Newspaper article Evening Chronicle (Newcastle, England)

An Amazing Journey; the Wildlife TRUSTS Northumberland Sponsored by Environment Agency

Newspaper article Evening Chronicle (Newcastle, England)

An Amazing Journey; the Wildlife TRUSTS Northumberland Sponsored by Environment Agency

Article excerpt

The amazing journeys of Northumberland's fish by Kevin O'Hara, conservation officer, Northumberland Wildlife Trust.

ANIMALS migrate from one place to another for different environmental reasons.

Swallows migrate to warmer climes to avoid a lack of food in British winters, while geese arrive to avoid a similar fate from the arctic regions.

Beneath the surface of Northumberland's rivers, streams and estuaries there are other migrators that are less well-known but still affected by environmental situations.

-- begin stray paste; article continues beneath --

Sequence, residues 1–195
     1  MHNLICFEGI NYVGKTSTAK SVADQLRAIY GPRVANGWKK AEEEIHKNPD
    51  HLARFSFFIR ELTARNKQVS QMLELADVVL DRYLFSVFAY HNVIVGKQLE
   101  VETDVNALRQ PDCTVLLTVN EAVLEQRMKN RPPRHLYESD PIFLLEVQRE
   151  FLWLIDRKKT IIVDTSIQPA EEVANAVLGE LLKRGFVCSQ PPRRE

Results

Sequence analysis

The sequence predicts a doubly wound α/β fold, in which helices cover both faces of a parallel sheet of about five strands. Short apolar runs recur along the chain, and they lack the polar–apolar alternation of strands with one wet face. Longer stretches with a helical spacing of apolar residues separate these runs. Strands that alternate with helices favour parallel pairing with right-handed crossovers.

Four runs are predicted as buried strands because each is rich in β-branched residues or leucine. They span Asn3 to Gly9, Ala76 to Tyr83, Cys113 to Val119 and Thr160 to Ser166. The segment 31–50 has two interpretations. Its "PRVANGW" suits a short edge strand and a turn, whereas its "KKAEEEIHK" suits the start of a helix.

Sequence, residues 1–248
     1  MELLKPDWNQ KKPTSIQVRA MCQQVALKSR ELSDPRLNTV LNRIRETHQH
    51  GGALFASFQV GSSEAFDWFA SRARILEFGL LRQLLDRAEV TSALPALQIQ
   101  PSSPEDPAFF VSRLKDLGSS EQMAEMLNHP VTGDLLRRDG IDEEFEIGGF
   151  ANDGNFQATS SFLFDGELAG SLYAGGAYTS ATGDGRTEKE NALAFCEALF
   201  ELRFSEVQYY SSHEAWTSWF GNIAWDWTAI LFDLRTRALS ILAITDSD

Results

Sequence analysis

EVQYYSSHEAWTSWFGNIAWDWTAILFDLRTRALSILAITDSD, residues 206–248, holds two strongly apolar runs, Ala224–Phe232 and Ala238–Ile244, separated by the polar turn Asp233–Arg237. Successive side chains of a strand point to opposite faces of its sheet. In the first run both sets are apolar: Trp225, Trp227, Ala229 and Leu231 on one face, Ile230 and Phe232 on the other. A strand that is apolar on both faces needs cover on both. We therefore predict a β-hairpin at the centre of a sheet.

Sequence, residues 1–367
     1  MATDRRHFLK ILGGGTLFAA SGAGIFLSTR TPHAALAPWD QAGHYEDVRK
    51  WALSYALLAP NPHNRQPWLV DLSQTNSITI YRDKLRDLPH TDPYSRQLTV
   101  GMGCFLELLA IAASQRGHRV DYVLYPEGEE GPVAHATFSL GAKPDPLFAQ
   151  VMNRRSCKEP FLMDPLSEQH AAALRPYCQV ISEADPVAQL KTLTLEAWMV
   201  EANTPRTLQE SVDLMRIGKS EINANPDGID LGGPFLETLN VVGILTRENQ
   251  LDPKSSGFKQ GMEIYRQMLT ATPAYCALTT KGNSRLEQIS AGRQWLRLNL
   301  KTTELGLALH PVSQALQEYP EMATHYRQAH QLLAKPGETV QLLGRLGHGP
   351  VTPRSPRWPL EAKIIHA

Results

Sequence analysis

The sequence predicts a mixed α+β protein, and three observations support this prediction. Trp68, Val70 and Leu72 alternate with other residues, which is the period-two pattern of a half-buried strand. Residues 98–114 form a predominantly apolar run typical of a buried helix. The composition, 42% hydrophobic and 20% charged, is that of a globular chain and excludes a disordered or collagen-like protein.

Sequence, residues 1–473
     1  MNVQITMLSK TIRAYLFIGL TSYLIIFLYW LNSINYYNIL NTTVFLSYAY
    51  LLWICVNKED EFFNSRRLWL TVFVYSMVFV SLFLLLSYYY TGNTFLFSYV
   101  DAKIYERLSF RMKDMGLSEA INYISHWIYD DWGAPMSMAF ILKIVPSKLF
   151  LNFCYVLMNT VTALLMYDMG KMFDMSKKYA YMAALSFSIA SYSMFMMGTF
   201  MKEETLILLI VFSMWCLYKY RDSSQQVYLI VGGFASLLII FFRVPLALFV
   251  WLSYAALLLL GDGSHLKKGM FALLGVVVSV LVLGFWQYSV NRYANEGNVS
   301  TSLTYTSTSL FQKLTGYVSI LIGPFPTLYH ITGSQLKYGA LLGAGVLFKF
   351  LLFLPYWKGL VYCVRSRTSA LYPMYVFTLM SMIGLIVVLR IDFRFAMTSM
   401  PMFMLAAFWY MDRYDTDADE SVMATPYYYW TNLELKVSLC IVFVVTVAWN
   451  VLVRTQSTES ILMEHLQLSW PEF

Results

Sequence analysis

Northumberland rivers are famous for their salmon and sea trout. Both species migrate from salt to freshwater to breed and avoid competition and predators out at sea.

Every year they swarm in from the sea, travelling huge distances, yet their feats go largely unrecognised. Sea trout prefer to stay close to the coast or estuary of their birth. But salmon may travel as far as the Greenland ice shelf and may stay at sea for up to three years before returning fully grown. …

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